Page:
Why Low Code Sucks

Traditional low-code vendors sell closed platforms. This is bad for a variety of reasons including (per user) licensing fees, restrictions and dependencies on the vendor, lack of source code control, and technical debt via non-standard, proprietary code. All this adds up to a risk that you might paint yourself into a corner. This is a primary reason why major enterprise projects always insist on full source-code control.

We definitely understand the motivation for low-code, but sacrificing source-code control is a mistake. In my mind, its simply about permutations – no low-code vendor can anticipate all the possible permutations that a system will require.

Also, the current low code platforms rely on NoSQL. Since NoSQL does not support data normalization, it seems beyond the scope of NoSQL to build general applications with it; this seems to be a major deficiency and a major source of technical debt.

Citizen developers can get out of the gate very quickly with solutions like Bubble.io, but as a client shared recently with me, the more the application grows beyond a very simple application – the number of entities grow – unanticipated and essentially unpredictable bugs start to appear due to the lack of normalization. Apparently, the fix for this is to handle the normalization at the application layer – all without access to the underlying source code.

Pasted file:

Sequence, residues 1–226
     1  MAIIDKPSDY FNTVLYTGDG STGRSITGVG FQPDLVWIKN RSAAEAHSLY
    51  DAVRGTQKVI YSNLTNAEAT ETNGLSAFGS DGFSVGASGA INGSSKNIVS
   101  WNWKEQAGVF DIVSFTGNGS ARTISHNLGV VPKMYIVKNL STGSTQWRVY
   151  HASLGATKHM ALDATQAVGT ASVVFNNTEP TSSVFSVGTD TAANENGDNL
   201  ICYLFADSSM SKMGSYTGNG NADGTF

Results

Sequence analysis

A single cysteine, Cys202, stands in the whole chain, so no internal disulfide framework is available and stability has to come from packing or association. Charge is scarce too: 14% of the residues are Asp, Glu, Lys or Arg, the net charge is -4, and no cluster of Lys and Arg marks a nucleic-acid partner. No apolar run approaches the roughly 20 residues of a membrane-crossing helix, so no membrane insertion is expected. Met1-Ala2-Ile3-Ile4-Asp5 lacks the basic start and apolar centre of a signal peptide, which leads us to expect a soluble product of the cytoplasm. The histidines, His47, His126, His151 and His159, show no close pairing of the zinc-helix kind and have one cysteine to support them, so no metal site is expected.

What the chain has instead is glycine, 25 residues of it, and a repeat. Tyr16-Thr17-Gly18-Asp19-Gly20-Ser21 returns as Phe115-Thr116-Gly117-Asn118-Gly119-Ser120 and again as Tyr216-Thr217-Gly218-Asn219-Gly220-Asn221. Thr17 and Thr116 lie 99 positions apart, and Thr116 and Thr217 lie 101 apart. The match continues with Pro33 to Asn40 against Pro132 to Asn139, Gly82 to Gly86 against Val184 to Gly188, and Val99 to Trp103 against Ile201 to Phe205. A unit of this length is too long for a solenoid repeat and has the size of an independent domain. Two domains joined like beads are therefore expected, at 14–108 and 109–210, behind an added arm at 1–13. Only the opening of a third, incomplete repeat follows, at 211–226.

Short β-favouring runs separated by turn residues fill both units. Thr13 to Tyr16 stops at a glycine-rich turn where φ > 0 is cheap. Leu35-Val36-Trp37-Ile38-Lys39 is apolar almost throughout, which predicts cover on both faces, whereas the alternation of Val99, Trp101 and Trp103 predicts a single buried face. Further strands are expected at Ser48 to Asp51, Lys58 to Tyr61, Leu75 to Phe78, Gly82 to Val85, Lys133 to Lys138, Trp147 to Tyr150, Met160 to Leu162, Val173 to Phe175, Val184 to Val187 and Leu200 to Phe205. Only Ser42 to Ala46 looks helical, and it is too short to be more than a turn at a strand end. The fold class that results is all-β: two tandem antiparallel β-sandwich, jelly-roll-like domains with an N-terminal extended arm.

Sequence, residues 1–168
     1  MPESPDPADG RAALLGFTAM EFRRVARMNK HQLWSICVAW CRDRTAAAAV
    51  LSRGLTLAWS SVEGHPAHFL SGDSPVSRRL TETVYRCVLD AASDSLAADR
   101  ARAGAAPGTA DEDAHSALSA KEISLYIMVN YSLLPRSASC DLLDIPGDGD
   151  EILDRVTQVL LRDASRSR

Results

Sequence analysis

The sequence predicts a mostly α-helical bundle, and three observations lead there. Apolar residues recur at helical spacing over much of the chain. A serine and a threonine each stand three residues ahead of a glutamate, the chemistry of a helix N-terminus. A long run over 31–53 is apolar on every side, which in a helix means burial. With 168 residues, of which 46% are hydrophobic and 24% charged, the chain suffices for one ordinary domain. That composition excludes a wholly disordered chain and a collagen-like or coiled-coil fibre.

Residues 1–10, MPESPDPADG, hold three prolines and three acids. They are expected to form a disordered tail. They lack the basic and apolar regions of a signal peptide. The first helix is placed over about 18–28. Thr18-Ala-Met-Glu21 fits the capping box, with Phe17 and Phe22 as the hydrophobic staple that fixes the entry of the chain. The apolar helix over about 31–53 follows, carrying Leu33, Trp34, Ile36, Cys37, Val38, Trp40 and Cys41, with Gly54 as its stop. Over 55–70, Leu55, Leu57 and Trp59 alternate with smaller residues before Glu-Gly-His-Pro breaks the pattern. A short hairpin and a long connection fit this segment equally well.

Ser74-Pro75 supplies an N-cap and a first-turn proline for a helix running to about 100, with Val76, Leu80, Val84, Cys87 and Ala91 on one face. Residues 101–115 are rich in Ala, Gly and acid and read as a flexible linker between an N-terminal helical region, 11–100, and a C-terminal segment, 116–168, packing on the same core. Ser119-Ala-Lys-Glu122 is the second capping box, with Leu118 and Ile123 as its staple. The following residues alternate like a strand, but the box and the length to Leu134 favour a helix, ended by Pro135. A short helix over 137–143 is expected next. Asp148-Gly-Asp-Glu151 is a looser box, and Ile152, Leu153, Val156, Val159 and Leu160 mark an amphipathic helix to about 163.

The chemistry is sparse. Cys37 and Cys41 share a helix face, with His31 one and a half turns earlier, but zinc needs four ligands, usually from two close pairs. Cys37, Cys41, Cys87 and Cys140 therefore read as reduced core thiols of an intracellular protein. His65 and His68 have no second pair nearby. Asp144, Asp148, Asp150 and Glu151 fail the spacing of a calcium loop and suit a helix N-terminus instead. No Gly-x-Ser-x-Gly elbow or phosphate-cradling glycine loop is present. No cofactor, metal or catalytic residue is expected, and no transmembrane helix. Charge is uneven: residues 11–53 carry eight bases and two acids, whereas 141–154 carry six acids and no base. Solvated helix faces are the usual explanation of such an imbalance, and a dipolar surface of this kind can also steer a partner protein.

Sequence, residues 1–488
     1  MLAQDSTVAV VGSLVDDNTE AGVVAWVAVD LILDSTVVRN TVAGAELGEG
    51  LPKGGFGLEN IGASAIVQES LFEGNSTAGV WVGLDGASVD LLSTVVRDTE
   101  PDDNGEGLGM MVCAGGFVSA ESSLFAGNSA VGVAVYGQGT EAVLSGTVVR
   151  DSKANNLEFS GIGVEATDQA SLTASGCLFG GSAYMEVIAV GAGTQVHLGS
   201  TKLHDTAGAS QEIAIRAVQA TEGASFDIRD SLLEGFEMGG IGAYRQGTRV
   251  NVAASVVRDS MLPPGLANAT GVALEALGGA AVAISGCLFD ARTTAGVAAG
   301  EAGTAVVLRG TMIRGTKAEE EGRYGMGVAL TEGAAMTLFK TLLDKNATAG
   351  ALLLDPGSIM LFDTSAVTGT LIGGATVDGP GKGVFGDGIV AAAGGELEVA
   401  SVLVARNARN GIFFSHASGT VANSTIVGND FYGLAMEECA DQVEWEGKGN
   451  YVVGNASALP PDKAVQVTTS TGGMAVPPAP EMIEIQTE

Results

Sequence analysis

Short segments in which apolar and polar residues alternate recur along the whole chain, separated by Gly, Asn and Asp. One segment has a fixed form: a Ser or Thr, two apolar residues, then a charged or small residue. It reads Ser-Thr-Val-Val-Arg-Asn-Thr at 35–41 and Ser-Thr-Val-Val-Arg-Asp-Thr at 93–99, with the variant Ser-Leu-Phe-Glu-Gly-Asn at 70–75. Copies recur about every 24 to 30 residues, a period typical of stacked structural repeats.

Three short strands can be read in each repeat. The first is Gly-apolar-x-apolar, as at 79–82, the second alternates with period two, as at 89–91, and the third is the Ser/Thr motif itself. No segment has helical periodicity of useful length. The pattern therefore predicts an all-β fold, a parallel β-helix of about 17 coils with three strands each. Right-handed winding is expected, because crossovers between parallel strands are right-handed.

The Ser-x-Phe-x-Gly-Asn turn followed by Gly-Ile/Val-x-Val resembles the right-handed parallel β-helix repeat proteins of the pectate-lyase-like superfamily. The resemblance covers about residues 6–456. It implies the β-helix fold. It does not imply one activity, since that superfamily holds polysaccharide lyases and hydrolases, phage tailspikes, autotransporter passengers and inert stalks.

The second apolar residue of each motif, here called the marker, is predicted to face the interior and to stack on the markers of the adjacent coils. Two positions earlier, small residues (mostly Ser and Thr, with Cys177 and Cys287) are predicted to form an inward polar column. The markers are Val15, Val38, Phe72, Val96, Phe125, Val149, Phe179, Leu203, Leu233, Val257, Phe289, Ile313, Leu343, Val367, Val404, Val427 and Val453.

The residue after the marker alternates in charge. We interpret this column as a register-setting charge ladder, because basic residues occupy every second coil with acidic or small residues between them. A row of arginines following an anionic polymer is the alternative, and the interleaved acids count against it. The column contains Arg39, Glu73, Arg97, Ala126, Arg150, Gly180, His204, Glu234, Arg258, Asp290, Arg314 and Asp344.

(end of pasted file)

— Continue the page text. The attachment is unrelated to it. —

Our favorite tech blogger Hosking agrees with us: low-code technical debt , and low-code potential crash . And a couple more bloggers chime in: hands-tied, and why low-code sucks, whose title was the inspiration for this blog post.

Fortunately, Splicer offers a solution for the low-code conundrum by unlocking low-code productivity on open-source stacks.